The Honourable Societies of the Inner and Middle Temple share the Temple site and in 1732 a deed of partition formally divided it between them. If you look on the buildings you should be able to identify which belong to each society by the emblems sculpted on them – the Lamb and Flag for the Middle Temple and the Pegasus for the Inner Temple.
The Pegasus or flying horse has been the emblem of the Inner Temple from at least the 16th century, but we can only speculate as to why it was adopted. The most likely reason is that it was chosen in honour of Lord Robert Dudley, Queen Elizabeth I’s Master of the Horse, who took part in the Christmas revels at the Temple in 1561. In the revels, Dudley, who later became Earl of Leicester, was leader of the fictional Order of the Pegasus and his followers all bore the Pegasus symbol.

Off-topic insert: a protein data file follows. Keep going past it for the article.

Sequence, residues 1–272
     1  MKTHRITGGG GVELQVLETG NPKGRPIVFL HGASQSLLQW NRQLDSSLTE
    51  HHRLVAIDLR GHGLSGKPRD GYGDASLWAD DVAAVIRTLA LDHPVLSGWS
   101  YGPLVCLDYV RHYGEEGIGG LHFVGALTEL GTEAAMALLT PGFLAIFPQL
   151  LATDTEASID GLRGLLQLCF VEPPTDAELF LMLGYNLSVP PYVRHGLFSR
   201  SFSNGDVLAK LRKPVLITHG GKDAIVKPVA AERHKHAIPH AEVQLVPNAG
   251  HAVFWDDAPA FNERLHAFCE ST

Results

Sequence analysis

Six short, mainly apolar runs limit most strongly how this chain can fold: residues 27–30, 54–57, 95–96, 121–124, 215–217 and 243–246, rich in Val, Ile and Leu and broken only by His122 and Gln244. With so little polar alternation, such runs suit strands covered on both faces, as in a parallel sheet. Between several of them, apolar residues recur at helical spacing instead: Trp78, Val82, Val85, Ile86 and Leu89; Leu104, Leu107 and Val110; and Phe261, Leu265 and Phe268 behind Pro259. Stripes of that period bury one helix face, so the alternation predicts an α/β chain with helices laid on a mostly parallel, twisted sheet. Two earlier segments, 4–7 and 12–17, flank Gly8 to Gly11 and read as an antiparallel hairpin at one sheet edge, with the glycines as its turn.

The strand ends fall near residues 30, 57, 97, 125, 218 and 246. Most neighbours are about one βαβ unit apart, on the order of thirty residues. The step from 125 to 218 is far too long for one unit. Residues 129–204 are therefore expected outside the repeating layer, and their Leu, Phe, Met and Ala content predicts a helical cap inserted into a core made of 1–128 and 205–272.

The emblem then seems to have been adopted by the Inner Temple for subsequent revels, whilst its fellow inn, Gray’s Inn, chose the griffin as its symbol at about this time. Other theories are that the Pegasus was derived from a misrepresentation of a broken tile of a knight with shield on horseback in the Temple Church, which was thought to have been a winged horse; or from the Templars’ seal which showed two knights with shields on horseback, the two shields resembling wings. Whatever the reason for its adoption, the Pegasus is here to stay as the emblem of the Inner Temple and you will see representations of it throughout the Inn.